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Wind instruments of Korea

#Sounds of Korea l 2019-05-29

Sounds of Korea

Traditional wind instruments of Korea can be divided into two groups. One group is played with a reed attached to the instruments, like the piri피리 or taepyeongso태평소. The second group consists of instruments that are placed directly on the player’s lips, like the daegeum대금. Reed instruments make a fuller, less windier sound than their counterparts. 

People mistakenly think that Korean wind instruments all sound similar, but today we’ll listen more carefully and try to distinguish their unique sounds. First up is daegeum. This flute-like instrument made of bamboo has small openings on one side that you block to make sounds and an opening at one end where you place your lips and exhale. There is one more opening called “cheonggong청공” between the mouth opening and the finger holes. This opening is covered with a thin membrane from the reed called “cheong.” The sound reverberating from this membrane is what distinguishes daegeum from other wind instruments. Try to listen to the upcoming daegeum composition with special attention to the vibrations of the “cheong.” 

Music 1: Cheongseong Jajinhanip/ Daegeum by Jo Chang-hoon

That was daegeum jeongak정악 practitioner Jo Chang-hoon’s rendition of “Cheongseong Jajinhanip” also called “Cheongseonggok” for short. 

Daegeum is often compared to the conventional flute. While the flute makes a clear, light sound, daegeum’s sound is rather coarse because of the reverberation of the reed membrane, providing a unique character to the instrument. 

Some people say that such rugged sound is a defining characteristic of all Korean musical instruments. For instance, traditional string instruments like the haegeum해금 or ajaeng아쟁 sound rougher than the violin or cello. Another wind instrument that has “cheong” or reed membrane, is tungso. This wind instrument looks similar to daegeum, but is held straight down from the lips, much like the oboe.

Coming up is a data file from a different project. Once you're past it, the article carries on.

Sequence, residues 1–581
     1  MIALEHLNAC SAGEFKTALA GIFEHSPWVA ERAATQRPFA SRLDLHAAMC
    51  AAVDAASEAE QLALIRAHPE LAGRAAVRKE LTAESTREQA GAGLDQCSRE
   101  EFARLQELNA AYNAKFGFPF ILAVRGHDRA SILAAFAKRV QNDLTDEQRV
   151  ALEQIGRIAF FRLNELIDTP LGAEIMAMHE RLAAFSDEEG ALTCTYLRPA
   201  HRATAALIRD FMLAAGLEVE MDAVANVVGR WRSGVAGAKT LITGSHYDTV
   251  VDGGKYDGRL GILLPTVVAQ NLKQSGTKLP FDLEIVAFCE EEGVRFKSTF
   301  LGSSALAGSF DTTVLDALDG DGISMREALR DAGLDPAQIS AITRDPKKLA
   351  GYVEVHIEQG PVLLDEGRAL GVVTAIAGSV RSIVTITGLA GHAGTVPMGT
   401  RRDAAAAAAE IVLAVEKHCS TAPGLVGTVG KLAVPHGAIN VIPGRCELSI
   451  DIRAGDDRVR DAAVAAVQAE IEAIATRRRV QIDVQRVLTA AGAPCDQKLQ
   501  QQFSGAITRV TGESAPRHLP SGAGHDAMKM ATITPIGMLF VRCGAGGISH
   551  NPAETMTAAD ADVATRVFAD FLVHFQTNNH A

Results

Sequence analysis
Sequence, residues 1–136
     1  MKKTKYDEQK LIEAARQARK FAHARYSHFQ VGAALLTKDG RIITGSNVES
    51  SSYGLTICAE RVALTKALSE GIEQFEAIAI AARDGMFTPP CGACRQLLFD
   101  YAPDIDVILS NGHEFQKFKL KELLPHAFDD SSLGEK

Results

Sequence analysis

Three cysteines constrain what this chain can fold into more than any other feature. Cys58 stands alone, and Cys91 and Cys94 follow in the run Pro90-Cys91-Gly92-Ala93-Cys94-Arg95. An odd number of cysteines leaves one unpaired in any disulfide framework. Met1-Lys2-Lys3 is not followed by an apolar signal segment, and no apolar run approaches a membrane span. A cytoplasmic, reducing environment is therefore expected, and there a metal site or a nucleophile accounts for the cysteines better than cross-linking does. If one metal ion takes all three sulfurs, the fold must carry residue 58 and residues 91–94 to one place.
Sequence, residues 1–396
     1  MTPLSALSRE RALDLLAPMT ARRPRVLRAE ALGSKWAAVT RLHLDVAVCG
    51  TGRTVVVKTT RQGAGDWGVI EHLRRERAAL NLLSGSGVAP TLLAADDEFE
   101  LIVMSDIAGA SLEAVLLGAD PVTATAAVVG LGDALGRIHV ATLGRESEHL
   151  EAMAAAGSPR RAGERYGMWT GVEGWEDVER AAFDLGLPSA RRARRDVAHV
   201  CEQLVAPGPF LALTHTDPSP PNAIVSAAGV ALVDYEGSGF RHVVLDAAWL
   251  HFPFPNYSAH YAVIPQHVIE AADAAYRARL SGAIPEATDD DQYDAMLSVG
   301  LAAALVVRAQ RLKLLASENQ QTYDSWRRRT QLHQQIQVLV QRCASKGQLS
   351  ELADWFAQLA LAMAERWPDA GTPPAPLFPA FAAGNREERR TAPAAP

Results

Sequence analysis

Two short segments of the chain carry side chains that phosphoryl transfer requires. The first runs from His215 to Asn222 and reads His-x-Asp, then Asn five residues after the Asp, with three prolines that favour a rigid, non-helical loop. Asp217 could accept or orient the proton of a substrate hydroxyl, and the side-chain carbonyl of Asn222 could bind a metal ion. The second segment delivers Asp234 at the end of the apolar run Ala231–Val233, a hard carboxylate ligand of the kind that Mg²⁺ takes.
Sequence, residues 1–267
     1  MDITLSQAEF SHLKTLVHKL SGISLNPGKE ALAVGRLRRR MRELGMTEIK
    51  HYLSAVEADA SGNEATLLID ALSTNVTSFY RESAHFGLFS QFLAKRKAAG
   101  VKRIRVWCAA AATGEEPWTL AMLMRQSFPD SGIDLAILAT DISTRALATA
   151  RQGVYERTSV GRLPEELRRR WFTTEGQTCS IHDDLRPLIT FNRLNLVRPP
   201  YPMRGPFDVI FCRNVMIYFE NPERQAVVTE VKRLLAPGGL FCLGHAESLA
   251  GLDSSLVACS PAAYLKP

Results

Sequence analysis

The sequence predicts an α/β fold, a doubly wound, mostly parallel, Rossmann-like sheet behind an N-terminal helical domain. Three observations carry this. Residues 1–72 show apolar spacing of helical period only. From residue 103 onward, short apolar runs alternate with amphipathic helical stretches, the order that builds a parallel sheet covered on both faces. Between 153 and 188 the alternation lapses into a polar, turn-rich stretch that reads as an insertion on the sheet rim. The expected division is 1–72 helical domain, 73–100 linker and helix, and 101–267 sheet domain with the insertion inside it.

It was played quite frequently in the past, but it came to be forgotten so much so that it is now almost only heard during the Bukcheong북청 lion dance. Young traditional musicians have tried to bring back the tungso and use it more often in their compositions, but most people are still unfamiliar with the instrument. 

Let’s listen to two tungso pieces today to familiarize ourselves with this rarely heard instrument. These are folk songs from Hamgyeong Province, “Dondolnari” and “Jeongapseong Taryeong.”

Music 2: Dondolnari & Jeongapseong Taryeong/ Tungso by Dong Seon-bon, Koh Jang-wook

The Hamgyeong folk songs “Dondolnari” and “Jeongapseong Taryeong” were performed by tungso players Dong Seon-bon and Koh Jang-wook. Now let’s listen to an instrument called sogeum소금, a smaller instrument not unlike the daegeum.

Since sogeum is smaller than daegeum, it makes a higher, thinner sound, and the absence of a reed membrane makes it possible to achieve a clearer, more conventionally pleasing sound. Danso also makes a sound similar to tungso, for it also doesn’t have a ‘cheong’. 

However, sogeum is considered more versatile because it has a wider playing range than the danso, which is why traditional musicians often use sogeum in their creative pieces. This week’s episode will conclude with “Laan” composed by Gye Seong-won계성원 with Han Chung-eun playing the sogeum.

Music 3: Laan/ Sogeum by Han Chung-eun

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